Blended learning wouldn’t seem to be a prominent campaign issue. The Donald doesn’t promote his ability to blend, Bernie isn’t burning for blended, and education overall has been a small part of the 2016 presidential campaign.
But among students in Chapel Hill, North Carolina, there’s a sign that blended learning may be a bigger election issue than one might expect.
In January 2014, Andrew Powell was a junior at the University of North Carolina-Chapel Hill. With a track record of helping professors flip their courses, he ran for student government president to slow tuition increases by transforming the way students learned. Specifically, Powell proposed “a large-scale, 10-course redesign project” to turn 10 large courses at UNC into flipped classrooms.
As Powell told me in an email, “I ran for [student body president] because I wanted to make blended learning the new normal at Carolina. I wasn’t sure if a traditional university could totally reinvent its classroom experience, or if a student could have a leadership role in making such a change happen, but I wanted to give it my best shot.”
At many colleges and universities—UNC included—students largely dismiss the student government as a rubber stamp for the administration. One might therefore not expect a campaign run on substance around teaching and learning to gain much traction.
But it did.
With catchy videos that explained the whats and whys of blended learning, a detailed policy platform written for a relatively uninformed audience that outlined why blended learning matters, and a detailed website with testimonials backing up his plan, Powell captured the attention of his fellow students. He won the election with more votes than any other candidate in UNC history.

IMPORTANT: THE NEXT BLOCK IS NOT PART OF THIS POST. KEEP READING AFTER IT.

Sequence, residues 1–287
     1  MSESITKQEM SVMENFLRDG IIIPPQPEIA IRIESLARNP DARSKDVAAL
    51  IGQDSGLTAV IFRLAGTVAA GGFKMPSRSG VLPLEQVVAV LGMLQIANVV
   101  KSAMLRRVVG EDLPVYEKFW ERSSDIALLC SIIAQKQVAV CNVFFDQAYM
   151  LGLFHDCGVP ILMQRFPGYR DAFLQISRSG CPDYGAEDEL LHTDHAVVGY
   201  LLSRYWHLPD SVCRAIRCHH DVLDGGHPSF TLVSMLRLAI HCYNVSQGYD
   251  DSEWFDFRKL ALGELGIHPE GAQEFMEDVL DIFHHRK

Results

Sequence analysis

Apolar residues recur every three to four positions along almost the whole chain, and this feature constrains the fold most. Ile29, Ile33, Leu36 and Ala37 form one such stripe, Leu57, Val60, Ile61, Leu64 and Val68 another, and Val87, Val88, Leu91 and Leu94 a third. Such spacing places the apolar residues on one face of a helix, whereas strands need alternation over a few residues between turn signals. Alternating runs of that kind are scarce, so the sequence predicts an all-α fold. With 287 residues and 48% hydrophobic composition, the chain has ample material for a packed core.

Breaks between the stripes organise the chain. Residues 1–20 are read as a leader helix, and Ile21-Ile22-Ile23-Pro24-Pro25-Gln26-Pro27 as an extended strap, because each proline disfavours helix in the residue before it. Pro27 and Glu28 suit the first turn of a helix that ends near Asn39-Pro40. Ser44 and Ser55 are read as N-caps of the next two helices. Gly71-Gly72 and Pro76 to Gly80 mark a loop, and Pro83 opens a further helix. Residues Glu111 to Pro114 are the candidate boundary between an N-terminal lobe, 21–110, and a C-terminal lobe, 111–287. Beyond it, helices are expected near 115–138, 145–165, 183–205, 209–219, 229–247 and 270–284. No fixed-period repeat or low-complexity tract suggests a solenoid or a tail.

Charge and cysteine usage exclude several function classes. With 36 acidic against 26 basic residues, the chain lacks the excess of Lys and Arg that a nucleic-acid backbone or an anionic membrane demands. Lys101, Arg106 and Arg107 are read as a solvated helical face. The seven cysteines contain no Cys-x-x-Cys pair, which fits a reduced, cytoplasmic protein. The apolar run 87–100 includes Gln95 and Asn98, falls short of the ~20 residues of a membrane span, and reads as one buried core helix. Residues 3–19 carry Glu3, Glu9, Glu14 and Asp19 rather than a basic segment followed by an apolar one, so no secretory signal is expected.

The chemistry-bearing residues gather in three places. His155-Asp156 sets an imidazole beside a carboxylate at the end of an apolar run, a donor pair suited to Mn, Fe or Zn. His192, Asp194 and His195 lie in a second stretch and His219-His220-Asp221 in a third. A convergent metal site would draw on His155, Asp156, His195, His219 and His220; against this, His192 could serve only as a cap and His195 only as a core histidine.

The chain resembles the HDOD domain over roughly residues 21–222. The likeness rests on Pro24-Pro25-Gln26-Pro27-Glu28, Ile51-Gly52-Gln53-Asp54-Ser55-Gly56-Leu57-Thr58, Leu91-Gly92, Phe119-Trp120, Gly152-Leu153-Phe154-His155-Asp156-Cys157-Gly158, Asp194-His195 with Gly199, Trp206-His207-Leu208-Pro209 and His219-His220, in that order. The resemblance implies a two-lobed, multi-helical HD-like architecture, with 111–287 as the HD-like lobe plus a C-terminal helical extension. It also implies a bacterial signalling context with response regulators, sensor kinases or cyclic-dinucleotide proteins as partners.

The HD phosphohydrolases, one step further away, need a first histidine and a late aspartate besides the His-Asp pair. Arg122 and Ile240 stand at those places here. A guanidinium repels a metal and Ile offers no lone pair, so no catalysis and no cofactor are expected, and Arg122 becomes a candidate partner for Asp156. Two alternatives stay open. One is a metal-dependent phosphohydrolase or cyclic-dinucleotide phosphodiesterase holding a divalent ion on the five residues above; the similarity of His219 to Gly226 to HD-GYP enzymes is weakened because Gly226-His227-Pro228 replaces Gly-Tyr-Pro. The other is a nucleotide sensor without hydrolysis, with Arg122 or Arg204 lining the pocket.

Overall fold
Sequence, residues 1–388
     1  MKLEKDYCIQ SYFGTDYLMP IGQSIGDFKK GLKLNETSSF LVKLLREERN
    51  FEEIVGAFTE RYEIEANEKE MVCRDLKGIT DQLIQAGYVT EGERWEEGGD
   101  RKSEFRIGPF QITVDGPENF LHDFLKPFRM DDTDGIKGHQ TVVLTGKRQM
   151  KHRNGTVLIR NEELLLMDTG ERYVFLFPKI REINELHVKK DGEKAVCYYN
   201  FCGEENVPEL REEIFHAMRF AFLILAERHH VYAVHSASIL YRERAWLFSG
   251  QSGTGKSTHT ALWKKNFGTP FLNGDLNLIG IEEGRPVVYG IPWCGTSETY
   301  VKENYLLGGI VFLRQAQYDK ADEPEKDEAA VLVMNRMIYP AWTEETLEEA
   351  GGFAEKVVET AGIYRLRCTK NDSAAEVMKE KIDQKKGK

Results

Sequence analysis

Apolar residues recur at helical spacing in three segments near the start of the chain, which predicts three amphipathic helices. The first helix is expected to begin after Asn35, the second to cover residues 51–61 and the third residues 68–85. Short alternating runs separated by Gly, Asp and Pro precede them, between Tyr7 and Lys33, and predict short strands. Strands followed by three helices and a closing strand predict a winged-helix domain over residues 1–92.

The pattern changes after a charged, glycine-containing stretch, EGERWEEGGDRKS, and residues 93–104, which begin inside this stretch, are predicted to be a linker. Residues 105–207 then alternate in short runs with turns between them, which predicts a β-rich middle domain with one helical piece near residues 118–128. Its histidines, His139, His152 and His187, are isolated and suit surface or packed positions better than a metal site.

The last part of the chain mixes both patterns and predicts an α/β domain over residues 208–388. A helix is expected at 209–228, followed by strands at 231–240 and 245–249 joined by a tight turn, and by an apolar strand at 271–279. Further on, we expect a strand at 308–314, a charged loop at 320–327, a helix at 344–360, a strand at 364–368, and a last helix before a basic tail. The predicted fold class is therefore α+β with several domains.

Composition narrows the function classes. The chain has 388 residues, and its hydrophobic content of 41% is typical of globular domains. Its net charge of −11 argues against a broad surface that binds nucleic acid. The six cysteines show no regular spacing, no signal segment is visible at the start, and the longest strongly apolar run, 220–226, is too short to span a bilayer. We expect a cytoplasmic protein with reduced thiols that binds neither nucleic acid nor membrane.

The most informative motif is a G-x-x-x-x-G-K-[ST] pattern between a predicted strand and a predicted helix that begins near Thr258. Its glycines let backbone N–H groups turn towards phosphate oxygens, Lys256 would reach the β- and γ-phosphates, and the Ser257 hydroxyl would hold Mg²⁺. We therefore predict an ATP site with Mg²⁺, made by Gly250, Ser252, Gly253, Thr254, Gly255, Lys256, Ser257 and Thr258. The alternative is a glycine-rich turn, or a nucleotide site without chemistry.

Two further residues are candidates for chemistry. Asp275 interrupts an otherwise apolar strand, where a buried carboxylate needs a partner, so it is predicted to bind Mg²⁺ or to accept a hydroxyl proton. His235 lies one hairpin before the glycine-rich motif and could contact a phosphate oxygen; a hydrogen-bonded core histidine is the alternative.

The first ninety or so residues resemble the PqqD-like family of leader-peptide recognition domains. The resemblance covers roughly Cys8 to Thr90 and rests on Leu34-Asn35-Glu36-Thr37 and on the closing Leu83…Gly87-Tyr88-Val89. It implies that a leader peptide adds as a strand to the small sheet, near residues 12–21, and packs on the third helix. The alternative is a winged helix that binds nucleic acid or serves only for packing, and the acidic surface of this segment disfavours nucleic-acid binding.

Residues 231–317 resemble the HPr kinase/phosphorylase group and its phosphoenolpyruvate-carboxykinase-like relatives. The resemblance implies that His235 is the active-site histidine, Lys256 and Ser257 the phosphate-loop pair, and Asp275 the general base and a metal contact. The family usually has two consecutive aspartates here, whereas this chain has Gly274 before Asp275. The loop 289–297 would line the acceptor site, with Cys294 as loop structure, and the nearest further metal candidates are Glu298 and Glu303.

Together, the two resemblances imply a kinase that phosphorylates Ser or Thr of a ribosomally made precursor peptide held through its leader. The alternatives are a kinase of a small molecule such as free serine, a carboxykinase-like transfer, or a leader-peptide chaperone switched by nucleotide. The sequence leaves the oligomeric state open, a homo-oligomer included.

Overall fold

Powell then worked to deliver on his promises.
Facing steep odds—the student government at UNC doesn’t have much in the way of resources or authority, and there was plenty of bureaucracy to combat—Powell personally managed six course redesigns and then switched tactics. He and the student government vice president, Kyle Villemain, convinced a committee from the Provost’s office to devote roughly $10 million over five years to blended learning with a focus on improving student success in the sciences. Powell said the switch came about because it seemed like a bigger opportunity than working with professors to change one-off courses, as the $10 million effort is redesigning all first- and second-year courses in the sciences.
By the end of his term, Powell said: “There was a real change in the mindset and culture on campus.” Blended learning moved from being a fringe idea to one that won over faculty members. Although Powell isn’t ready to say his year as president was a success—he says he would like to wait and see how the five-year project turns out—others on campus seem more bullish.
The Daily Tar Heel opined that, “It is clear by now that blended learning has the potential to narrow the achievement gap in college classrooms. … Research done by UNC’s professors indicates classrooms that utilize blended learning help to level the playing field for students from groups that traditionally underperform, including minorities and first-generation college students.”
The newspaper praised Powell and said the effort should “constitute the centerpiece of his legacy…Once the campus loses Powell’s voice in promoting blended learning methods, it is the responsibility of prominent voices on campus, including future student government leaders, to make sure the topic does not fall by the wayside.”
At an institution that has been marked by academic scandal more than academic innovation as of late, Powell’s efforts offer an encouraging story with a still-open ending. It suggests that if we engage students more directly with a say in how they learn, they can make promising innovations happen in their schools.
But it takes a champion and leadership.
The blended bug has bitten Powell to the core. After graduating from UNC, Powell took a job at the African Leadership University in Mauritius. It’s a new blended-learning university system, where he is designing the student learning model and leading faculty training. He is creating the future in a place where innovation in education is needed sorely.